So all areas of the Team Management Wheel are important to teamwork. Problems can occur, though, when there is an imbalance in the team in terms of role preferences. If for example, a team was composed of all Thruster-Organizers they would love the part of the project that dealt with action and results - but what about the Advising and Innovating stages? Unless they were aware of their positions on the Wheel they may gloss over these stages and quickly move things onto the areas they enjoy most. A well-balanced team will be aware of this and make sure that it doesn't happen.


  1. The worldwide gender sample (135,915 respondents) for the Team Management Wheel shows the following percentage distribution:

    Profile Male Female
    Reporter-Adviser 2 4
    Creator-Innovator 10 9
    Explorer-Promoter 11 10
    Assessor-Developer 18 16
    Thruster-Organizer 26 26
    Concluder-Producer 23 25
    Controller-Inspector 8 8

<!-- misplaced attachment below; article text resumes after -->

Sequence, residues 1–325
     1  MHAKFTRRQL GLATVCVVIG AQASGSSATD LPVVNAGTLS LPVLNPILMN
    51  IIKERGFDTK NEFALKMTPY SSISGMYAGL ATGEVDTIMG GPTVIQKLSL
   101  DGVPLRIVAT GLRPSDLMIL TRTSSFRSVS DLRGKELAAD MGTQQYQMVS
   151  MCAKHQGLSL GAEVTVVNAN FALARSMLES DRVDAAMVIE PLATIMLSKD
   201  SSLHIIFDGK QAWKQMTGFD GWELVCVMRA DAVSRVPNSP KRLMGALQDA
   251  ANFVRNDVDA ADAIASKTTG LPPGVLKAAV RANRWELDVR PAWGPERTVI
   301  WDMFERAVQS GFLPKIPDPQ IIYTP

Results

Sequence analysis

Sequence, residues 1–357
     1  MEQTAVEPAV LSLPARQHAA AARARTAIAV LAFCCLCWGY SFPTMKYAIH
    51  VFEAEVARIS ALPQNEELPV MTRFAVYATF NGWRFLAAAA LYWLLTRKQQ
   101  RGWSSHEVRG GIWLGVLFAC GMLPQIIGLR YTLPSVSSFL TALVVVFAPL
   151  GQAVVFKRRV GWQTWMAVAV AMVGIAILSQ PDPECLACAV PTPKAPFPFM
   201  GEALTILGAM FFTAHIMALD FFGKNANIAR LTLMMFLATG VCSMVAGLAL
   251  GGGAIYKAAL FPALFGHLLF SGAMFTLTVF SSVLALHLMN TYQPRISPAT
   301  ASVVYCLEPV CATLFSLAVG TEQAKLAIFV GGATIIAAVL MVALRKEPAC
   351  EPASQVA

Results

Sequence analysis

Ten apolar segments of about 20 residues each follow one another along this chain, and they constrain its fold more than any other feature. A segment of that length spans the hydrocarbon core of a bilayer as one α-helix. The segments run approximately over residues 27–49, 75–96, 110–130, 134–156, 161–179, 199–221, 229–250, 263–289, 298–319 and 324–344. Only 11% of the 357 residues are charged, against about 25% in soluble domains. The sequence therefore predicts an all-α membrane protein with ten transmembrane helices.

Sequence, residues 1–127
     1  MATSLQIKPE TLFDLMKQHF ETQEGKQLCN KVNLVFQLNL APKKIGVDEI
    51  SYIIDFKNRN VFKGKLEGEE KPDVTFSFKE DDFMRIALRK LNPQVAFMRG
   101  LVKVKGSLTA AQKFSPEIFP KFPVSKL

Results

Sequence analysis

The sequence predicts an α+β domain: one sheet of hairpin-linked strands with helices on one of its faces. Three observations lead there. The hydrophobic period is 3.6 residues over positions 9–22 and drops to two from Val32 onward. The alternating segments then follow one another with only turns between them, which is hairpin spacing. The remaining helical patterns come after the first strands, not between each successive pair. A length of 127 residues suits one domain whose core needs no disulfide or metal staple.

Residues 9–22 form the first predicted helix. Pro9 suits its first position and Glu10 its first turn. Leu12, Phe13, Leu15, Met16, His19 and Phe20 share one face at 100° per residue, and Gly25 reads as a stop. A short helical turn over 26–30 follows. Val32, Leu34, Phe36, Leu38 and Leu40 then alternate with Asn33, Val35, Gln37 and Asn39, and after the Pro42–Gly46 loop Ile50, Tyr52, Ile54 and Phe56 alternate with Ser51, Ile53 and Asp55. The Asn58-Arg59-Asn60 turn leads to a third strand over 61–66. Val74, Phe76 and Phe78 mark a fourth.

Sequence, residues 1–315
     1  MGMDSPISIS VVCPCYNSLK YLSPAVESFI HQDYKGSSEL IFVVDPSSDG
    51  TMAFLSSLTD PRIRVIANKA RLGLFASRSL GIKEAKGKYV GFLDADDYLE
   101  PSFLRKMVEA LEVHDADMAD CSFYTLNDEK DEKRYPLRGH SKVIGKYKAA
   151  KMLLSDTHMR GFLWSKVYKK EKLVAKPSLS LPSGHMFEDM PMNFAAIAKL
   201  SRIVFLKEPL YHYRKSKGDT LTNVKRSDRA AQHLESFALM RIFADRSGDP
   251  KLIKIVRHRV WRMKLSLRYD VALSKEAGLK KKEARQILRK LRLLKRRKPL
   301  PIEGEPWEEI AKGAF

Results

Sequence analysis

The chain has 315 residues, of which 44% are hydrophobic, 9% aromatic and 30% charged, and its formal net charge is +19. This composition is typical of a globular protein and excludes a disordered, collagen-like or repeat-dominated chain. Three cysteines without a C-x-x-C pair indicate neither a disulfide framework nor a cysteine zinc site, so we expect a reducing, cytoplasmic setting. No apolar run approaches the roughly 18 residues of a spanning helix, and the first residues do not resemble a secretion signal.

Upholder-Maintainer 2 2

    There does not seem to be much variation between males and females and there appears to be more Thruster-Organizers and Concluder-Producers. What conclusions do you draw in relation to the Profiles that are in the lower percentages? How do your findings reflect on the theories that discuss that males and females are socialized differently and therefore undertake different organizational tasks in particular ways?

    Roles preferences are determined by people's responses to the four RIDO scales:

    • How they relate to others - extroverted vs. introverted
    • How they gather information - practical vs. creative
    • How they make decisions - analytical vs. beliefs
    • How they organize themselves and others - structured vs. flexible

    These four measures apply equally to men and women and the data show little difference between genders. The only significant difference is that women are slightly more Beliefs oriented in their decision-making, compared with men who are slightly more analytical. This has shown up mainly in the Reporter- Adviser sector.